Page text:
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Construction Skills Gap: How Bad Is It and How Can It Be Fixed?


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The Great Recession of 2008 hit the construction industry hard and one of the consequences was that many skilled workers were forced to look for a job elsewhere. Fast forward a few years and the economy is in recovery. So is the construction industry, but where are the skilled hands?

The recovery is unequivocally good news, but it carries along certain challenges, such as the increasingly worrisome construction skills gap. The trend became apparent around mid-2013, but its proportions have grown in 2014. Let’s look at some of the implications for the construction industry.

What Is Causing the Shortage?

The issue becomes most apparent when you look at Optimism Returns: The 2014 Construction Hiring and Business Outlook, a report published earlier this year by the Associated General Contractors of America (AGC).

Is there actually bad news in a report whose first word is “optimism”? Well, for the most part, it really is optimistic. The survey, including more than 800 construction firms across the US, found that contractors’ expectations are that 2014 will be a good year for the industry. Predictions are hopeful for every construction segment with the exception of marine construction. More specifically, the respondents expect growth in private sectors and stabilization in public ones.

But in that optimism lies the problem, as well. The fast-paced growth will create even more new job openings, and the industry is already struggling to catch up with the demand as it is.

How Bad Is the Problem?

Let’s start with the fact that 41% of contractors are positive they will need to hire new workers in 2014, compared to just 2% who are planning lay-offs. 27% were undecided at the time the survey was taken, which can add up to more than half of companies looking for new hires.

AGC’s report contains some very specific numbers about the areas in which contractors are struggling the most, too. 12% of them said they are “having a hard time filling all key professional and craft worker positions,” while 24% of respondents pointed to difficulties in filling not all, but some of them. Additionally, some contractors (9%) struggle with filling “key professional positions” only and another 17% are struggling with only finding people for “craft worker positions”.

Add up the numbers and the shortage of skilled workers is affecting nearly two-thirds of respondents.

Which Positions Are Hardest to Fill?

The shortage of skilled workers is not equally spread out among the different job roles.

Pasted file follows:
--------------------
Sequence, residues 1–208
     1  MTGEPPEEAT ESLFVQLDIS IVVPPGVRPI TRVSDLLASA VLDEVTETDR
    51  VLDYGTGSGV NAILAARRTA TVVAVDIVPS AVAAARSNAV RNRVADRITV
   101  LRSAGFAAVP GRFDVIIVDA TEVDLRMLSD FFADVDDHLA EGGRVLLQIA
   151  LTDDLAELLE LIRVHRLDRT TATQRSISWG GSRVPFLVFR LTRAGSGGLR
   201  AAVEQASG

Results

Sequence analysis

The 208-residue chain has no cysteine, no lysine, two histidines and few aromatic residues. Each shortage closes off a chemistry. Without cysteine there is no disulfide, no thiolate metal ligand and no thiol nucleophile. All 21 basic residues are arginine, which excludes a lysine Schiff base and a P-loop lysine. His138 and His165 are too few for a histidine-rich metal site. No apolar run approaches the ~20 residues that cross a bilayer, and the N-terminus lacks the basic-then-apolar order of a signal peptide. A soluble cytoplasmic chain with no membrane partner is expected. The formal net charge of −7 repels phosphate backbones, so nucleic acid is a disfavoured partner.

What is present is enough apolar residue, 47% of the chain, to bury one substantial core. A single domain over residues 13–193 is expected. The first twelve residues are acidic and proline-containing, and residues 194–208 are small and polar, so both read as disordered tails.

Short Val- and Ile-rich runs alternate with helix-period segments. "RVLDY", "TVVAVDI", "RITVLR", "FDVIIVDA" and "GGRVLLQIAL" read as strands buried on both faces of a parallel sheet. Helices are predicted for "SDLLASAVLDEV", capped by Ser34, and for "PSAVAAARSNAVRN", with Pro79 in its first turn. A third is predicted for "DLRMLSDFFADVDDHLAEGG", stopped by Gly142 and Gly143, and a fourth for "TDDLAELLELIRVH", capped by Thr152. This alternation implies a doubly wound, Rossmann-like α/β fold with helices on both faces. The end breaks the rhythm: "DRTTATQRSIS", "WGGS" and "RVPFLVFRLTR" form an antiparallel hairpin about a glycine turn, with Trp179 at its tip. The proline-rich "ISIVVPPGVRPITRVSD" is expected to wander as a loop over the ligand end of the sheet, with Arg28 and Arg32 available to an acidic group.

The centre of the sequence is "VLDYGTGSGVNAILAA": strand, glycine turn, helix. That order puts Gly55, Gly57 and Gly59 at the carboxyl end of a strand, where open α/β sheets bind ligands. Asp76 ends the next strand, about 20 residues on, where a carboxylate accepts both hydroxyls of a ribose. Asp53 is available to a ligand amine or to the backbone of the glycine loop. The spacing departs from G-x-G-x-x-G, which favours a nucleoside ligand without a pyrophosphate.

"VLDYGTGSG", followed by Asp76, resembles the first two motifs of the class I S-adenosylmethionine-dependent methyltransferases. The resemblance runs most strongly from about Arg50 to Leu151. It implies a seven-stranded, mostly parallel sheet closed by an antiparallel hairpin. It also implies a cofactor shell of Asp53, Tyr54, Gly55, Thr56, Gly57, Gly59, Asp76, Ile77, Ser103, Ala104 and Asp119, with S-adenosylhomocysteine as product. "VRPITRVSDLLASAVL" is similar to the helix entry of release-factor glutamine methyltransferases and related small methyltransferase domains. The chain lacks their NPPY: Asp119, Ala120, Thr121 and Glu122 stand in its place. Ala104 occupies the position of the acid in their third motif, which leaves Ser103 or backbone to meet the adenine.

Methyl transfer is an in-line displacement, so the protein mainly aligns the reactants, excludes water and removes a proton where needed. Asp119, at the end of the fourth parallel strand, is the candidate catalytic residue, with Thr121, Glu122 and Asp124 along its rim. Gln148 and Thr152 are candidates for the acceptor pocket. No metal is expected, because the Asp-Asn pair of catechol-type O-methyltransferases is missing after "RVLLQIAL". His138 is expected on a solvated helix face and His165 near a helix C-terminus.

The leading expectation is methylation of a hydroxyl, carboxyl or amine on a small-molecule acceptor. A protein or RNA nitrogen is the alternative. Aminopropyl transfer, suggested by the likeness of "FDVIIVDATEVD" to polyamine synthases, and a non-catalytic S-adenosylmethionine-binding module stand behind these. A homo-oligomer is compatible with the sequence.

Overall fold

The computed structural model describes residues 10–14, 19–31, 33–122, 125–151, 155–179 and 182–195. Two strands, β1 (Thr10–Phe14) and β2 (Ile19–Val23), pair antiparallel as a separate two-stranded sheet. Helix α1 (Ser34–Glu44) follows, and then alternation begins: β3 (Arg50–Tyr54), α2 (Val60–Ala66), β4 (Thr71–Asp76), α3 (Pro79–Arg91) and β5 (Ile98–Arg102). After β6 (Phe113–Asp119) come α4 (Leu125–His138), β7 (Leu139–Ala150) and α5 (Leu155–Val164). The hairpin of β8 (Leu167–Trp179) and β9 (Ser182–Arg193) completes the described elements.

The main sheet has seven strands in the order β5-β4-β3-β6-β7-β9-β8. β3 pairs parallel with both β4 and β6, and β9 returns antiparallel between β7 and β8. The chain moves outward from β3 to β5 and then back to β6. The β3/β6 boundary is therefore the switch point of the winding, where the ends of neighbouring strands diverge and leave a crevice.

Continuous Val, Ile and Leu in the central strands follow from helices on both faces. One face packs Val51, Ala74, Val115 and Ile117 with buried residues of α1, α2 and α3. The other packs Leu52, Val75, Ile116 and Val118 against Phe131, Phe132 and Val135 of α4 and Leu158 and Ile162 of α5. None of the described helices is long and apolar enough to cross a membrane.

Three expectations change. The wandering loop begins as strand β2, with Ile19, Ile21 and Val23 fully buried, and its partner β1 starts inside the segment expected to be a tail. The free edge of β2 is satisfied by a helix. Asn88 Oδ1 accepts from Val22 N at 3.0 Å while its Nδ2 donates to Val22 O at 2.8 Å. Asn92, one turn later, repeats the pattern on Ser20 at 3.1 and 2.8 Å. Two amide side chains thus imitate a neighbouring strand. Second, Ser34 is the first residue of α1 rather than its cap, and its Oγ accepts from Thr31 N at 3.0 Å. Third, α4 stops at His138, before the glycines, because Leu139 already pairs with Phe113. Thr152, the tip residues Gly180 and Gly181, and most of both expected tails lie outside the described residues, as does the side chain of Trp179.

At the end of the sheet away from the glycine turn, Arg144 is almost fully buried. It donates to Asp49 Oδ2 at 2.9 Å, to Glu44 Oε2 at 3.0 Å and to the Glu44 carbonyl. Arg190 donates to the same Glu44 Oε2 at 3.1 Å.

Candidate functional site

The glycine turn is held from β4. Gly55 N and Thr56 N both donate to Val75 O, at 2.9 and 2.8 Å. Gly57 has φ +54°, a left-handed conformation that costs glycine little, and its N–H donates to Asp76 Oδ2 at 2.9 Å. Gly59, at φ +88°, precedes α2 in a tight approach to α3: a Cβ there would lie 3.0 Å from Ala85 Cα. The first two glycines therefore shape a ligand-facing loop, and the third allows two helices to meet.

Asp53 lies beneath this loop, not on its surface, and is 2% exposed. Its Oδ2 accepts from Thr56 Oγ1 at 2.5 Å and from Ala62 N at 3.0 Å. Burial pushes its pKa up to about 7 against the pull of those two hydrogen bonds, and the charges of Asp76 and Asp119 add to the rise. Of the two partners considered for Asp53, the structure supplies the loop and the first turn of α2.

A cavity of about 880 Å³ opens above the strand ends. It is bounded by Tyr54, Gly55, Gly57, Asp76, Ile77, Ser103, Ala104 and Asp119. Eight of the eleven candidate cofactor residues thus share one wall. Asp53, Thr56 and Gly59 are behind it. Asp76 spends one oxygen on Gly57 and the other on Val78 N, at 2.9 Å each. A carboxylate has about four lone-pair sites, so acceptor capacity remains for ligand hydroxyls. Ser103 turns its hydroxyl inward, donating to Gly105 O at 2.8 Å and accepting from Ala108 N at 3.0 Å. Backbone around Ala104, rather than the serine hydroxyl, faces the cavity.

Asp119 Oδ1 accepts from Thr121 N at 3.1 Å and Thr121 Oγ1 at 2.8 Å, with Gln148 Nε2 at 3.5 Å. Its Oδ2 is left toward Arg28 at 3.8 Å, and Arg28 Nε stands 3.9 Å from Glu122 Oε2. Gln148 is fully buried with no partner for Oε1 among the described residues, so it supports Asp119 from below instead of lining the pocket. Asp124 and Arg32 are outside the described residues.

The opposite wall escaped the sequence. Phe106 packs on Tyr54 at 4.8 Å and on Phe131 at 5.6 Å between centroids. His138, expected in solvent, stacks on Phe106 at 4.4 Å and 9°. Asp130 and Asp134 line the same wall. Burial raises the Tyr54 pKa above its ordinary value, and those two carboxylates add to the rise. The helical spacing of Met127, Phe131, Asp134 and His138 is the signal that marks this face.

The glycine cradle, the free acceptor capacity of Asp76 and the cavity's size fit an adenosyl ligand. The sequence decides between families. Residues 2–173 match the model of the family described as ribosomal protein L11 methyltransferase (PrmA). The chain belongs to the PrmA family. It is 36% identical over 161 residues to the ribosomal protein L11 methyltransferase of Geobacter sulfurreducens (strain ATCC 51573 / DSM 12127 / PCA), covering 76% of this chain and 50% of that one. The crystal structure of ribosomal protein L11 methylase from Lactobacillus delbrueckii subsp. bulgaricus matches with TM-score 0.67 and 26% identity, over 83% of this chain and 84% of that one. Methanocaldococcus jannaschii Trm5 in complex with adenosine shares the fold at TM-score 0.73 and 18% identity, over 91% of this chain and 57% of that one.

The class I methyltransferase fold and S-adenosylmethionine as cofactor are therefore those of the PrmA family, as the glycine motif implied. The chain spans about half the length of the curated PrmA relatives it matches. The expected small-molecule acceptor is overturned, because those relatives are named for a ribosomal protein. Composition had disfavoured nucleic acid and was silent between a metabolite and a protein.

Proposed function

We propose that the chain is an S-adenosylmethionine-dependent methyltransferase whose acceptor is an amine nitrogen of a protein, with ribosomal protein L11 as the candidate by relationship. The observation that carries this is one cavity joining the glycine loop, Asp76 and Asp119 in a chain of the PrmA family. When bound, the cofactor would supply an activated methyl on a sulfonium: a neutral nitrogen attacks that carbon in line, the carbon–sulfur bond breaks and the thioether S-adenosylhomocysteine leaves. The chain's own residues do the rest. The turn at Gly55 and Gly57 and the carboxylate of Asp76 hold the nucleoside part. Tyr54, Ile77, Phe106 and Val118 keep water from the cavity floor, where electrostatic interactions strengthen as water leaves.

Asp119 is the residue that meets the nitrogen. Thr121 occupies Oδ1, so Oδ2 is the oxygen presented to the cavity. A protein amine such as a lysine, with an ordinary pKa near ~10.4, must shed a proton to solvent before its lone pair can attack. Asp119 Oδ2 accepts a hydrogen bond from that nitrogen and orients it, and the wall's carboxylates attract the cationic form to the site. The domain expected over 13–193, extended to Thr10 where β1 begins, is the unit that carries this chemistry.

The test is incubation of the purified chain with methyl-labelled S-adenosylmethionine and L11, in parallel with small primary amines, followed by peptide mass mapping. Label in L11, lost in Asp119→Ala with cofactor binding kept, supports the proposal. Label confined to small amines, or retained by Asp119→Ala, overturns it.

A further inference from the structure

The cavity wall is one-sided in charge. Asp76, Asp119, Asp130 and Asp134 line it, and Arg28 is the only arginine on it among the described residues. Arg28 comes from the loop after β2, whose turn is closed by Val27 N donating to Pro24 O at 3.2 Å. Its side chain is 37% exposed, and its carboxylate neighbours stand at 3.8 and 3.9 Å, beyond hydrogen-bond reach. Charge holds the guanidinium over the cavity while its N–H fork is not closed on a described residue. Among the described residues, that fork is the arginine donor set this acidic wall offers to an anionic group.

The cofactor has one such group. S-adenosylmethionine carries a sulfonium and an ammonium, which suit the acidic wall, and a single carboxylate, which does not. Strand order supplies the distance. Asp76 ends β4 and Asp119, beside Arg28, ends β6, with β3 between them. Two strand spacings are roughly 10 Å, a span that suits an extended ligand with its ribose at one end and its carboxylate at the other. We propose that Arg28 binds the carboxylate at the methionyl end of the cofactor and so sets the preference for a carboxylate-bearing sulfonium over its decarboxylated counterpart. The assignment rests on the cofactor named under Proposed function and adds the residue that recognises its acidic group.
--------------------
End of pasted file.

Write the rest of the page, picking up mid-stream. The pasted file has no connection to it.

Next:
When it comes to filling key professional positions, a whopping 48% of respondents pointed to difficulties in finding project managers and supervisors. 41% are struggling with recruiting estimating professionals, followed by engineers (21%) and safety professionals (15%).


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Finding skilled craft workers seems to be even harder. Nearly half of respondents (48%) cannot find equipment operators. Carpenters and laborers are next in line with 44% and 37%, respectively. The shortage is also unfavorable to filling other positions such as: pipefitters/welders (30%), cement masons (26%), electricians (21%) and iron workers (17%). Only roofers and painters are relatively easy to find with only 7% and 5% of respondents reporting difficulties in filling these positions, respectively.

As for their expectations, more than half of contractors say that it will continue to be just as hard or even harder to fill these positions in 2014.

How Does This Affect Construction Companies?

Naturally, the shortage of skilled workers will be costly for the construction industry. A lot of companies are already losing employees who are looking for higher-paying jobs, either to a competing company or to companies in other industries.

More than half of the respondents in the survey had to increase benefits in an effort to retain their workers or find new ones. And not only that, but 89% of contractors believe the cost of providing healthcare benefits in 2014 will grow.

But perhaps the most troublesome part for construction companies is that if the issue is not addressed, they may need to start turning project offers down, because they don’t have the workforce.

What Could Improve?

Judging by the responses of contractors, we can identify some areas which, if improved, could ease the strained situation.

For starters, training programs for construction workers will need to be addressed. The majority of contractors report that training quality is not up to par. More specifically, 43% of them think local training programs for craft workers are average, and 55% of them say the same thing about key professional programs. Additionally, 36% of respondents rate the quality of craft workers’ training programs below average and 18% do the same when it comes to programs for key professionals.

Contractors are also increasingly worried about certain legislative reforms and feel they are affecting their business negatively. For example, 51% believe federal regulations that require them “to keep detailed records of all job applicants” will have a negative impact.

When asked which legislative issues are important to their business, the vast majority of contractors (77%) points to “preparing the next generation of skilled construction workers”. Some of the other issues that they think need to be addressed are multiemployer pension plans (25%) and passing a comprehensive immigration reform (41%).

This is simply an overview of the skills shortage issue in the construction workforce. Is your company affected by the shortage too? What strategy are you using to deal with it? Let us know with a comment below.

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